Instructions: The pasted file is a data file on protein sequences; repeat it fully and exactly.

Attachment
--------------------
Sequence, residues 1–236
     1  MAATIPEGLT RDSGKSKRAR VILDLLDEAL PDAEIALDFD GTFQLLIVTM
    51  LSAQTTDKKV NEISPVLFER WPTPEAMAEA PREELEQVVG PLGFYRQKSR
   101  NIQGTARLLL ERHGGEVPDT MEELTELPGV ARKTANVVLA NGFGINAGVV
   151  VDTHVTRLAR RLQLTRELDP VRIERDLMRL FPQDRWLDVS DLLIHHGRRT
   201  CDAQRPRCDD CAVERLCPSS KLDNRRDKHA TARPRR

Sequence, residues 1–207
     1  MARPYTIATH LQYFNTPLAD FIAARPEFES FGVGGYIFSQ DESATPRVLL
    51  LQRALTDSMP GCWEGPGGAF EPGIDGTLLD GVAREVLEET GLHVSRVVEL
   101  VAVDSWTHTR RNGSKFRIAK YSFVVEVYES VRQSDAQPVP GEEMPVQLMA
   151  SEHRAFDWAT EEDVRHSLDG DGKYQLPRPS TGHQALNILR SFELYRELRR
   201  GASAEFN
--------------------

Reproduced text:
Sequence, residues 1–236
     1  MAATIPEGLT RDSGKSKRAR VILDLLDEAL PDAEIALDFD GTFQLLIVTM
    51  LSAQTTDKKV NEISPVLFER WPTPEAMAEA PREELEQVVG PLGFYRQKSR
   101  NIQGTARLLL ERHGGEVPDT MEELTELPGV ARKTANVVLA NGFGINAGVV
   151  VDTHVTRLAR RLQLTRELDP VRIERDLMRL FPQDRWLDVS DLLIHHGRRT
   201  CDAQRPRCDD CAVERLCPSS KLDNRRDKHA TARPRR

Sequence, residues 1–207
     1  MARPYTIATH LQYFNTPLAD FIAARPEFES FGVGGYIFSQ DESATPRVLL
    51  LQRALTDSMP GCWEGPGGAF EPGIDGTLLD GVAREVLEET GLHVSRVVEL
   101  VAVDSWTHTR RNGSKFRIAK YSFVVEVYES VRQSDAQPVP GEEMPVQLMA
   151  SEHRAFDWAT EEDVRHSLDG DGKYQLPRPS TGHQALNILR SFELYRELRR
   201  GASAEFN